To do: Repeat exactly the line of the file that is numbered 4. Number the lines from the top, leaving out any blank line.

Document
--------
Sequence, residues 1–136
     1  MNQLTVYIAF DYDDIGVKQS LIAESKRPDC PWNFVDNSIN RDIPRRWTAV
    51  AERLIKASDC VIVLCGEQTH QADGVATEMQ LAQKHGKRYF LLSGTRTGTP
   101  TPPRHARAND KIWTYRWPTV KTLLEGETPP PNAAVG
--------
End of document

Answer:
   101  TPPRHARAND KIWTYRWPTV KTLLEGETPP PNAAVG